Program puts high school students on college-bound trajectory

Yifeng Shen

Yifeng Shen ’24

The path to college for each student is unique and for Yifeng Shen ’24 his journey to University of the Pacific was no different.

Shen spent each weekend this past year at Stockton's Edison High School, where he participated in Pacific's Upward Bound Program. Students received instruction, tutoring, advising and assistance with applying for financial aid and college admission to help them graduate and earn their college degrees.

"Yifeng is no ordinary student,” said Rosie Montes, Upward Bound program director. “He came to the United States as a young child without understanding the language or culture. He has overcome so many challenges and has always had the heart and dedication to overcome them.”

Shen moved to the United States from Guangzhou, China, when he was just 12 years old. He did not speak English and it took two years until he was able to speak the language fluently. His family settled in South Stockton and he attended Edison, where he was a Most Valuable Player for the water polo and swimming teams.

He heard about the Upward Bound program from his high school counselor. “I was a little hesitant to join at first,” recalled Shen. “But I am so happy that I got involved and participated in the program.”

Pacific's Upward Bound Program is entering its fourth year working with Edison High School students. Not only does the program provide tutoring, advising and college application prep assistance, but it also takes students on college campus tours, along with visits to the Monterey Bay Aquarium and Habitat for Humanity community service projects.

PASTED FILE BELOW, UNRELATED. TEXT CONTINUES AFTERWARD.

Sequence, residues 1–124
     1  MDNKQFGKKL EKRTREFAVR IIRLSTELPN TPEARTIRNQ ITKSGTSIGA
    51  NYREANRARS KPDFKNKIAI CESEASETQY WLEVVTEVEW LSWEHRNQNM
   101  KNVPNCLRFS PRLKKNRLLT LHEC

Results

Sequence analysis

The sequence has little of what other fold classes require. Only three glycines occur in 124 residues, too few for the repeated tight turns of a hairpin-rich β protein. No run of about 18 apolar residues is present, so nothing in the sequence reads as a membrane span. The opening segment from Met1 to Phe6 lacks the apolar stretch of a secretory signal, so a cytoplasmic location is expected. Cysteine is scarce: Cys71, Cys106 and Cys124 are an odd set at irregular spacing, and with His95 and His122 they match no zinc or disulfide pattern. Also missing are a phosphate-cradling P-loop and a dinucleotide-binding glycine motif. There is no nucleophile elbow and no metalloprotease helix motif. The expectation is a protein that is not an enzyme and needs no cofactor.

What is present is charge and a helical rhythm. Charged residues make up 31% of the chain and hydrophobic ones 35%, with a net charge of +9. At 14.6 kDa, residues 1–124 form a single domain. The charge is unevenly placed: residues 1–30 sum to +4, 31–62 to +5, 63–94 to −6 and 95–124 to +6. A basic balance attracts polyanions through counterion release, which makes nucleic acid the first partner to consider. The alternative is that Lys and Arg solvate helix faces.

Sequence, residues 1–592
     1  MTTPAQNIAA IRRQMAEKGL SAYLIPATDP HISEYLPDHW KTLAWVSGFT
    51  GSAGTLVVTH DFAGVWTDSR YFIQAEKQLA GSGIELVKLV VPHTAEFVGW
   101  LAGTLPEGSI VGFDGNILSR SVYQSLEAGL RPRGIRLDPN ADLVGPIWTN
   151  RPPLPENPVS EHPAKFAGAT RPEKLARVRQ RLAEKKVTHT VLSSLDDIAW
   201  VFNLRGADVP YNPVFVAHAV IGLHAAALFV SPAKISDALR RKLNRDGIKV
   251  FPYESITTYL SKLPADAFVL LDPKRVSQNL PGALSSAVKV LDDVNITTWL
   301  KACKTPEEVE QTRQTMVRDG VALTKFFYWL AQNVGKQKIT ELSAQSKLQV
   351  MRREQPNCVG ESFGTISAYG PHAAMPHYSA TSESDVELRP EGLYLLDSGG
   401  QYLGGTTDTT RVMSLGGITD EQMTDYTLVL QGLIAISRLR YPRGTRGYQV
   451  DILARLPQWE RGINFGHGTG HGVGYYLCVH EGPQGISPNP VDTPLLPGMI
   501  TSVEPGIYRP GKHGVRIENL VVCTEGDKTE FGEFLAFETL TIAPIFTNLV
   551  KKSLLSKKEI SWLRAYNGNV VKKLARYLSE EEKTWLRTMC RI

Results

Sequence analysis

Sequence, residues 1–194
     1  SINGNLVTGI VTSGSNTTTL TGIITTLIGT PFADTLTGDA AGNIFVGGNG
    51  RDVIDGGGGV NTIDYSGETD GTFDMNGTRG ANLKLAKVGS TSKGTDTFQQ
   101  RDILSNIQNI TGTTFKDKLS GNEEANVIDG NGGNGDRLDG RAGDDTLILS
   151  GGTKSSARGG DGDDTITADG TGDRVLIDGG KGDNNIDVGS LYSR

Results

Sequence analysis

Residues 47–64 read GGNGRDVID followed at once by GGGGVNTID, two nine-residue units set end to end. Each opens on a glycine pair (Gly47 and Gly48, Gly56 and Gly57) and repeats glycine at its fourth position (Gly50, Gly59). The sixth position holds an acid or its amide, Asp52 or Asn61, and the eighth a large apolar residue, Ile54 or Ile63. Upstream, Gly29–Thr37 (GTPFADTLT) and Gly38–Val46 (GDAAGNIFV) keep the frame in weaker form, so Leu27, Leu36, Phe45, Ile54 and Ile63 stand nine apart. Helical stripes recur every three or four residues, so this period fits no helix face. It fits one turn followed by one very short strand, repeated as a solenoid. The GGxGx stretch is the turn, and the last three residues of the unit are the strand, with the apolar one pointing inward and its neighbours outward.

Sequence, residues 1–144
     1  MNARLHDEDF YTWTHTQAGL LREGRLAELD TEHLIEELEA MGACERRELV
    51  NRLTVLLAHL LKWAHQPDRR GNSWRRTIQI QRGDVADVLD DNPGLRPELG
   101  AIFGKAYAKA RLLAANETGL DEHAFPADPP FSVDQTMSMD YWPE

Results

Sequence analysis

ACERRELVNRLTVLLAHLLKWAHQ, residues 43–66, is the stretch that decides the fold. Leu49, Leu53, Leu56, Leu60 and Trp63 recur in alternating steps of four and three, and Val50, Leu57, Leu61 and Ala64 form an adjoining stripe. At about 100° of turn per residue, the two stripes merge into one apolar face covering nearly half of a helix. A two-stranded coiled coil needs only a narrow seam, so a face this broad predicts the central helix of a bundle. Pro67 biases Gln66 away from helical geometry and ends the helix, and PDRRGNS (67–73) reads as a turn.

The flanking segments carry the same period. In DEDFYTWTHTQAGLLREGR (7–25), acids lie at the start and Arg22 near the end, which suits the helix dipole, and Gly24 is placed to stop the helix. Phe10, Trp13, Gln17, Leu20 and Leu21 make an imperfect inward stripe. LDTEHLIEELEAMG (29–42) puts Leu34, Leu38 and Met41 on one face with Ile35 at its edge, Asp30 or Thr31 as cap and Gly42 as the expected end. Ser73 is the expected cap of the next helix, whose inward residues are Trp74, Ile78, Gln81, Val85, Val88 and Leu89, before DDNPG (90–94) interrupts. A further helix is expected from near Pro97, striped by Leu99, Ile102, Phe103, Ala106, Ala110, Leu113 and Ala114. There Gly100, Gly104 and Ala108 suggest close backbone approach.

Currently, Upward Bound has alumni attending Sacramento State University, Stanislaus State University, and San Joaquin Delta College. However, Shen is the first graduate of the program attending Pacific. He chose the university because he liked having the opportunity to stay close to home, attend small classes, be part of a diverse population and also because he received a CIP scholarship.

The Community Involvement Program (CIP) is a comprehensive need-based scholarship and retention program for first-generation college students from the Stockton community who have demonstrated the potential for sustainable leadership, community awareness, and involvement.

“Yifeng’s commitment and hard work gave him the opportunity to become a CIP Scholarship recipient,” said Montes.

In addition, to participating in the CIP  this fall, Shen will work as an intern for Upward Bound and tutor students at Edison in the program.

“I’m excited to work with Edison students and share my experience with them,” said Shen. “I received so much support in the program to help get me to where I am and I want to help others on their journey to college.”